FLORIDA — After a three-day special session challenging vaccine mandates for businesses and schools, Gov. Ron DeSantis signed four bills into law Thursday morning, aimed at reigning in those requirements.
"Nobody should lose their job because of these COVID jabs," DeSantis said during the press conference in Brandon, Fla.
What You Need To Know
- Gov. Ron DeSantis signs anti-mandate bills into law
- Governor was in Brandon for bill signing ceremony
- PREVIOUS STORY: Florida lawmakers approve limits on vaccine mandates at special session
The most contentious measure would prevent private businesses from having vaccine mandates unless they allow workers to opt-out for medical reasons, religious beliefs, immunity based on a previous infection, regular testing, or an agreement to wear protective gear.
"What (President Joe) Biden is doing is not constitutional," DeSantis emphasized. "There has never been a federal vaccine mandate imposed on the public....They don't have the power to do it. There is no federal police power."
The state health department, which is led by Surgeon General Dr. Joseph Ladapo, who opposes mandates, will be tasked with defining standards for the exemptions.
Republican Sen. Jeff Brandes thinks this is a worthy fight. "Having standardized measures by which individuals can go to their companies and say, 'I have a religious exemption, I have a medical exemption, I had COVID before,' I think those are appropriate."
The measure also includes fines for businesses that fire a worker without allowing the exemptions. Additionally, it bars schools and governments in the state from having vaccine mandates and allows parents to sue schools with masking requirements. Another bill would block the public release of records regarding state investigations of vaccine policies in businesses.
"We hear so much about all these things, mandates, restrictions, tearing people down. Today, we lift people up. We provide protections for people. No nurse, no firefighter, no police officer, no trucker, no anybody should lose their job because of these COVID jabs. And that's what we're doing. We're making sure people have a right to earn a living," DeSantis said at Thursday's event in Brandon.
DeSantis added during Thursday's ceremony, "We're actually doing a science-based approach. For instance, we are recognizing people with natural immunity....People say you need to mandate, but we know -- and the data is very clear at this point -- that this vaccine is not preventing COVID. So to say this should be mandated when people are still getting it, it should be a personal choice."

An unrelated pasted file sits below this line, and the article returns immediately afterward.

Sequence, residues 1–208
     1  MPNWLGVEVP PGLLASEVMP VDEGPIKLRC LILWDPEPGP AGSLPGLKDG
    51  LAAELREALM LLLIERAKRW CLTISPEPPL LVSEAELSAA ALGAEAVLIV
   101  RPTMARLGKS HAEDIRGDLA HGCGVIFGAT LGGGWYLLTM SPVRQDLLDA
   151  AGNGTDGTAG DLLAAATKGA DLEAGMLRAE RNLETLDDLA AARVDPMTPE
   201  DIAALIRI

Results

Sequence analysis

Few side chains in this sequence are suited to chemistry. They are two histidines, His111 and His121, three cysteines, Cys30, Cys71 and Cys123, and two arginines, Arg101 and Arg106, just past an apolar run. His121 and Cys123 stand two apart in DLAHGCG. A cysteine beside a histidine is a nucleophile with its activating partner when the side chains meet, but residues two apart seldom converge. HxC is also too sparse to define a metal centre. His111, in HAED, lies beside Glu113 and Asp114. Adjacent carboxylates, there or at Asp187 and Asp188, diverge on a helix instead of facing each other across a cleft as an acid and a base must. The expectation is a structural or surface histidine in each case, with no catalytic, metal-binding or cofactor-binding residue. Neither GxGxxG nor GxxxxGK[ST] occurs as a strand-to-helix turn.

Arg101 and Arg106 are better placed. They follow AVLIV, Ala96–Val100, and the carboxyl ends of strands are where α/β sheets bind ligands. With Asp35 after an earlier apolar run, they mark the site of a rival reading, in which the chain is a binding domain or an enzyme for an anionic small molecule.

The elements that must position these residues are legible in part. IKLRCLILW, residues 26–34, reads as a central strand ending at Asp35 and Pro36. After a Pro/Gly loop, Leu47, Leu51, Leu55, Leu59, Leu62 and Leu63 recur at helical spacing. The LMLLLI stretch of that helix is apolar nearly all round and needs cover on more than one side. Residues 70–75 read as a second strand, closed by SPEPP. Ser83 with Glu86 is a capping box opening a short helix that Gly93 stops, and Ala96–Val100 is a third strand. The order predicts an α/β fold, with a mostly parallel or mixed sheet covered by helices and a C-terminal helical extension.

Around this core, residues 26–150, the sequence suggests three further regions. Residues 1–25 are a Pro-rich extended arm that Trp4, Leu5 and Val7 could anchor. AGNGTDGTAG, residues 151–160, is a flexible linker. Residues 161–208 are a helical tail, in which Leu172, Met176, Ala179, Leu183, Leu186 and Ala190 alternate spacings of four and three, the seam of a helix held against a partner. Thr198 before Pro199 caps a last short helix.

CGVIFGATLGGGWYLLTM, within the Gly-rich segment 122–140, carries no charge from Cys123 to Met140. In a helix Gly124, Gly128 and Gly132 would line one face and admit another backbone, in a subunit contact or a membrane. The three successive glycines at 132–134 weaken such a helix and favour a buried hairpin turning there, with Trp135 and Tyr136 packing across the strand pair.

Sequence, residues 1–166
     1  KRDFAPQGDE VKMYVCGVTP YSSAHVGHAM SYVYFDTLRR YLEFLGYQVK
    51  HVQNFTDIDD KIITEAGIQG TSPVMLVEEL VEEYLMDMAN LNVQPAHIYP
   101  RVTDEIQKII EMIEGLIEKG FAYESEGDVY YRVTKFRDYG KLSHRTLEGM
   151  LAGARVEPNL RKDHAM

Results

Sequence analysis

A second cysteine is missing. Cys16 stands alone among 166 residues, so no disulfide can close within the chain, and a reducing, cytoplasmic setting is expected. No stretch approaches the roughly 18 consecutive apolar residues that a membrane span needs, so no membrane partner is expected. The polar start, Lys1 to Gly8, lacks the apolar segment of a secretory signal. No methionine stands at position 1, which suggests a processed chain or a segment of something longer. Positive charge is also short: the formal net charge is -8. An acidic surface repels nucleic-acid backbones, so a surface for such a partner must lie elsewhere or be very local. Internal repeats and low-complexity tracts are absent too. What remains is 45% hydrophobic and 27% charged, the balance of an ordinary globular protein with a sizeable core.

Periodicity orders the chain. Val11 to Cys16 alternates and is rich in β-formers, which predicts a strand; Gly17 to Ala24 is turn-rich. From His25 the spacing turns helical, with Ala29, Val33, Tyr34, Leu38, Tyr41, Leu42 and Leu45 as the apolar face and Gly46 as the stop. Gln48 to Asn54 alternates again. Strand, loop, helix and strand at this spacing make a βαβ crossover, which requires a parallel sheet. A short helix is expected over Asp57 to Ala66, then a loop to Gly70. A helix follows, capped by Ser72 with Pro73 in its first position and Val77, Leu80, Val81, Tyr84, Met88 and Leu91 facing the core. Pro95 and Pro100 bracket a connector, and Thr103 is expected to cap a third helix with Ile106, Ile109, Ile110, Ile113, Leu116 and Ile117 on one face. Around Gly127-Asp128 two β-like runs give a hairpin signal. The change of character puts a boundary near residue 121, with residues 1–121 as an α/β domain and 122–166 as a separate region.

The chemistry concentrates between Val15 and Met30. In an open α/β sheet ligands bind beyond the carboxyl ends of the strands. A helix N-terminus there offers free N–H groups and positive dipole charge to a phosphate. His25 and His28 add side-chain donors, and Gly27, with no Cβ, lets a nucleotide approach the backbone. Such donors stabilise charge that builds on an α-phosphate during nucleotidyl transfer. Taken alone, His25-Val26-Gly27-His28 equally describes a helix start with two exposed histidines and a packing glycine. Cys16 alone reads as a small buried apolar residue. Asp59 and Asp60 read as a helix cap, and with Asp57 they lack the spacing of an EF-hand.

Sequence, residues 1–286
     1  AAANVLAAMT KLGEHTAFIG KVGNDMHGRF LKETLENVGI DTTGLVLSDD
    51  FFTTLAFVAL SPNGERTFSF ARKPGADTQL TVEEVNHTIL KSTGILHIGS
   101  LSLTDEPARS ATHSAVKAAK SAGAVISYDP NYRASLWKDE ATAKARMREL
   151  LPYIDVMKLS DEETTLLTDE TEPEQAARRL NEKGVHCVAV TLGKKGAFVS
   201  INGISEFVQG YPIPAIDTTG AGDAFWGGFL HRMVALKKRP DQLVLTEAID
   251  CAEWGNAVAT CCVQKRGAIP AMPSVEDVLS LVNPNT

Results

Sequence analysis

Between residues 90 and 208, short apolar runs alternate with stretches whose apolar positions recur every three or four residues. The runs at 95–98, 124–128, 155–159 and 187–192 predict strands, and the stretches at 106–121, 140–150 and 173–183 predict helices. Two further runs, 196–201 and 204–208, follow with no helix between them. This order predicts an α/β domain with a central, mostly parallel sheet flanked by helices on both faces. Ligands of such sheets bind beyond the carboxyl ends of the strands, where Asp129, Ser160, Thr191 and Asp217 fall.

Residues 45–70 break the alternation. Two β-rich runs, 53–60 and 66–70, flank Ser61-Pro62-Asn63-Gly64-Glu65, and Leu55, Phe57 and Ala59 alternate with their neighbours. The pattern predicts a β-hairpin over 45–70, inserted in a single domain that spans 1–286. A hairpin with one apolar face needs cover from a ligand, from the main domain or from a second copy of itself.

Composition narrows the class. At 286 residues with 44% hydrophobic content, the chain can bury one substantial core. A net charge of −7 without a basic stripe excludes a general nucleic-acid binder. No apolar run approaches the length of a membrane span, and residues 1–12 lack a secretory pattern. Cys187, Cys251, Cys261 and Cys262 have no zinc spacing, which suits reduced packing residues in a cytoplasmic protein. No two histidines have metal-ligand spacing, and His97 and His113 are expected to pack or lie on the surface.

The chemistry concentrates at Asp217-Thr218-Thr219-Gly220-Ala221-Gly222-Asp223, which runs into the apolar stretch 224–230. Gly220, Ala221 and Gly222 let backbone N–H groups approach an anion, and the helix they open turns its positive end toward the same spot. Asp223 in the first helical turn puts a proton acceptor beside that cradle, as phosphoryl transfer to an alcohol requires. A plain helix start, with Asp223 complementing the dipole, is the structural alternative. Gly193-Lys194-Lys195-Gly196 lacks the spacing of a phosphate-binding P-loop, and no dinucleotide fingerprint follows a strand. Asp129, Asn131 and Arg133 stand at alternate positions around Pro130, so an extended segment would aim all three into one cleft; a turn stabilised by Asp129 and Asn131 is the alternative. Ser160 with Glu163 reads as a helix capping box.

He added, "The whole reason they launched the 15-day to launch the spread was to keep the hospitals from becoming overun. Now they're going to do this mandate, and the hospitals are going to be short-staffed...This is about power. This is about control."
Republican leadership said they are proud of the result of the special session and that they are ready for a legal battle with the Biden administration.
Democrats have repeatedly slammed the legislation as dangerous to the public and burdensome to businesses. They also said the special session amounts to political theater meant to serve DeSantis’ political ambitions.
“The Special Session to promote the DeSantis presidential campaign has ended and he’s signed the bills into law," Florida state Rep. Evan Jenne (D-District 99) said. "Floridians are less safe, and we have set public health back generations. This political stunt further divides Florida at a time when we needed to pull together to literally save our neighbors’ lives. Laissez-faire epidemiology and outright disinformation have contributed to Florida’s horrific death toll, and it’s shameful that some choose to politicize an epidemic for their own ambition.”
Democratic Rep. Carlos Guillermo Smith, District 48, said: “I’m exhausted, Floridians are exhausted from COVID, we know that.”
State Rep. Fentrice Driskell of Tampa disagreed with the governor's stance, saying, “Today, the governor and GOP leaders celebrated the creation of the DeSantis Ambition Tax, which will cost Florida businesses millions of dollars and make everyone less safe," Driskell said. "They have denied Florida businesses the ability to protect themselves, their workers,and their customers. This will endanger us, our visitors, our economy, and our reputation as a safe place to bring your family. Governor DeSantis is robbing Floridians of the freedom to be healthy, prosperous, and safe.”
The legislation also provides funding to study how the state could leave U.S. Occupational Safety and Hazards Administration